The 3 Style Slots
You can put Style Declarations in any of 3 slots. In a Style Attribute, in a Style Tag, and in a Style Sheet. The question is, which should you use?
Here, each Style Declaration goes into the element's Style Attribute. Scoped to that element. As such, they're called inline styles.
The core con is, not all styles can go into Style Attributes. For example, you can't use Pseudo Styles or Query Styles in a Style Attribute.
If not for those limitations, Style Attributes would've been enough for element-specific styles.
Here, each Style Declaration goes into its Style Rule. And each Style Rule goes into a Style Tag. Scoped to that webpage. As such, they're called embedded styles.
Unlike Style Attributes, there're no limitations to the styles you can put in a Style Tag.
Style Tags are perfect for page-specific styles.
Here, each Style Declaration goes into its Style Rule. And each Style Rule goes into a separate file called a Style Sheet. As such, they're called external styles.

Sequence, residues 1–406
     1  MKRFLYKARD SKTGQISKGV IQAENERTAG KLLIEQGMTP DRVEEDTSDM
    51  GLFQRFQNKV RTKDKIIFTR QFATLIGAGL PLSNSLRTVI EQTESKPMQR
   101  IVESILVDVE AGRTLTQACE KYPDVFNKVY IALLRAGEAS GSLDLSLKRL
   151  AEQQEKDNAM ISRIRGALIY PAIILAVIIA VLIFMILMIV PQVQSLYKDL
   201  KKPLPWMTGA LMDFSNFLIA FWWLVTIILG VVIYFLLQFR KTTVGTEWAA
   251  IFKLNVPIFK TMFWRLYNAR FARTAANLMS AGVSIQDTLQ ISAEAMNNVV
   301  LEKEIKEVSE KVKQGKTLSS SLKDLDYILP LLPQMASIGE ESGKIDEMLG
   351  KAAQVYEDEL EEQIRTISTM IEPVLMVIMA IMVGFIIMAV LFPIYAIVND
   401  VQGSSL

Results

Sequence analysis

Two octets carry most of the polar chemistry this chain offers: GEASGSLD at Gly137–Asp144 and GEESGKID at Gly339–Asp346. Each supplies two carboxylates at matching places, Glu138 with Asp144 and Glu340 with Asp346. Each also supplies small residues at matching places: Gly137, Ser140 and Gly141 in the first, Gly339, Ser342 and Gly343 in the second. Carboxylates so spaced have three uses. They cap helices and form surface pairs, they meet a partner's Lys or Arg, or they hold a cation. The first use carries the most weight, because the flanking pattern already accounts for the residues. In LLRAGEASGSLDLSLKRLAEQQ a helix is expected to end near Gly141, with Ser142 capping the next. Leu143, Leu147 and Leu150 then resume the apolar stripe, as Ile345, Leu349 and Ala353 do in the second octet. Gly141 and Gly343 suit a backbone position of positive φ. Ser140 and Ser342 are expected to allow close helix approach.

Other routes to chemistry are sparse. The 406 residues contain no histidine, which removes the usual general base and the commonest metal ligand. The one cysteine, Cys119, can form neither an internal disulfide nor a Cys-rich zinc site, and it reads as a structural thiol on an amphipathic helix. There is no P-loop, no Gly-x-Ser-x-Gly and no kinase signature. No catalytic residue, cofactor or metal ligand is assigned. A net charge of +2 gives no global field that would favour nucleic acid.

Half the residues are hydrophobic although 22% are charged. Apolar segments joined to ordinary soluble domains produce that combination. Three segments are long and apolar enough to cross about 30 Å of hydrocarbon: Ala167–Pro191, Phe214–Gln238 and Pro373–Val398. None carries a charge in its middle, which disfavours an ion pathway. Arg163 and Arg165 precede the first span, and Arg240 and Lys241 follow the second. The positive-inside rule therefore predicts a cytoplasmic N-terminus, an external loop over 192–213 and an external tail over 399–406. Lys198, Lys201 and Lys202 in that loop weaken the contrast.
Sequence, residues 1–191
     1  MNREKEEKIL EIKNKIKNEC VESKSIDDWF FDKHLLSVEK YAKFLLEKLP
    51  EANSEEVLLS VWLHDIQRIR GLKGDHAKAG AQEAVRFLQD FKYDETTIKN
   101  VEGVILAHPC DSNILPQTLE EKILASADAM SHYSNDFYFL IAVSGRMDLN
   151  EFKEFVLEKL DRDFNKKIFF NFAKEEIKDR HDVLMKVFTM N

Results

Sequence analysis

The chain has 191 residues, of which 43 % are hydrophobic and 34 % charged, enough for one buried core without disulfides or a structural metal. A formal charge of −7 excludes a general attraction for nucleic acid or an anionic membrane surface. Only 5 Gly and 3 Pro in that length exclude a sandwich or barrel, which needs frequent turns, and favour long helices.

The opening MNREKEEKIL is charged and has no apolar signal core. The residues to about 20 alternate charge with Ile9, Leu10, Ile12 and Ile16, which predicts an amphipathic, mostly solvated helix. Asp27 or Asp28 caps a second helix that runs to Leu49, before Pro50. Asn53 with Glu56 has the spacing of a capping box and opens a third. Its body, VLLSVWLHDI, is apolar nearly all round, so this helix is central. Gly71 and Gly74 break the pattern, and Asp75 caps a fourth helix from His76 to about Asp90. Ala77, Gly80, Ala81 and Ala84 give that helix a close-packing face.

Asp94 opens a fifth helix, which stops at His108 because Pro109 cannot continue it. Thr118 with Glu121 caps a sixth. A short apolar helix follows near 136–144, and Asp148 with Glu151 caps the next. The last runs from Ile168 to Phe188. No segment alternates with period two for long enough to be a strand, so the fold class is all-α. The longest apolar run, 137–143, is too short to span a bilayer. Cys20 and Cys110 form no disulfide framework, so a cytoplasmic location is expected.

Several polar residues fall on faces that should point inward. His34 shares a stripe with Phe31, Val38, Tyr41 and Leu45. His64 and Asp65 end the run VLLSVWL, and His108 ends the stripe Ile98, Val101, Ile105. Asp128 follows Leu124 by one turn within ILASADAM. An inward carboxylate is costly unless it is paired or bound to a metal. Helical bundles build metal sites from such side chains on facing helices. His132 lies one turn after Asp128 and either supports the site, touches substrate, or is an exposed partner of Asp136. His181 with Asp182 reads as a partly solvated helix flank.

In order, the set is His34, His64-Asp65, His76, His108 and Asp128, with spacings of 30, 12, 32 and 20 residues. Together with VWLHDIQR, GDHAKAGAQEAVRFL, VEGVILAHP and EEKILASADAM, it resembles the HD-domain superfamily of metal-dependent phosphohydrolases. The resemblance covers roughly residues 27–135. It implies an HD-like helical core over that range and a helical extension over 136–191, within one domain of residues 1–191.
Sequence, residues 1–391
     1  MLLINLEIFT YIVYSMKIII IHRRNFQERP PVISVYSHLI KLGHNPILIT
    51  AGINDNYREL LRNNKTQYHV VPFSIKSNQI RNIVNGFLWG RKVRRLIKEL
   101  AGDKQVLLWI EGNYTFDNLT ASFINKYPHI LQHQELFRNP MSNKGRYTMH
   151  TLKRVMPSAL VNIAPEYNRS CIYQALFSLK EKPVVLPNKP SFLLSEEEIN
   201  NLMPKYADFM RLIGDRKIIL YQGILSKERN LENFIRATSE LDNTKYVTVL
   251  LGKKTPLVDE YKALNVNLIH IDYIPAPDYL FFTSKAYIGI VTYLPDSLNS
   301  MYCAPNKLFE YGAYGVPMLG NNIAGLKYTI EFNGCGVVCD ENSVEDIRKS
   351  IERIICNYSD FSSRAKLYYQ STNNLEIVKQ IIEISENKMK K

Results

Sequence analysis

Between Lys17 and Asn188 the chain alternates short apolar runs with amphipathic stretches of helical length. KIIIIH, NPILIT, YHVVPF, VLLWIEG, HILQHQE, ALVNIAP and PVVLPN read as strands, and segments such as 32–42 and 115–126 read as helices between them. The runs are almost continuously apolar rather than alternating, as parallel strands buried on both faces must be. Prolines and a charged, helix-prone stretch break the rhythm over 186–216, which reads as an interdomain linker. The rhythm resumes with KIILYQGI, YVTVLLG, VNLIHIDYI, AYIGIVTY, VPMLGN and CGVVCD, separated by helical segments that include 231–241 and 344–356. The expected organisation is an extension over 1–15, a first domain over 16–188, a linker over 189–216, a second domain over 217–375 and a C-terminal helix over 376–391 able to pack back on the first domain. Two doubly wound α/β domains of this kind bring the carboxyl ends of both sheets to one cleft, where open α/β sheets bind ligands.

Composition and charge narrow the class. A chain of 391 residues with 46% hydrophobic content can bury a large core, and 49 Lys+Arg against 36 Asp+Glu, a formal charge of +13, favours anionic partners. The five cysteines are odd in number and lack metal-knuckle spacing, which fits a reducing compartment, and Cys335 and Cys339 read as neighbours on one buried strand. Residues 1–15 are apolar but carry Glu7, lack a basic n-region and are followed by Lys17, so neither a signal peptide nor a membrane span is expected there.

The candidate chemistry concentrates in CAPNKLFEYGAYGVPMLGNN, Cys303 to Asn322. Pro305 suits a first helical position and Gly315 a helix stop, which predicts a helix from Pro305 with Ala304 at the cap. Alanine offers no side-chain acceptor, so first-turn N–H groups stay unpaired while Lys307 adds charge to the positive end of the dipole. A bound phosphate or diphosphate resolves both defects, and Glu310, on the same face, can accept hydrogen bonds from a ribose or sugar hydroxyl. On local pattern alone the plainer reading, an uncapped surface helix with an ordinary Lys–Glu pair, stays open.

Like the Style Tag, there're no limitations to the styles you can put in a Style Sheet.
Unlike the Style Attribute and the Style Tag, there's a need for a network request to download a Style Sheet.
Use a Style Tag for components used within a webpage.
Use a Style Sheet for components used across webpages.
Don't use a Style Attribute as it's not enough by itself.
That said, Style Attribute has a proposed benefit of element-specific styles. While Style Tag and Style Sheet has a challenge of naming rules. To combat those, use a Style Methodology.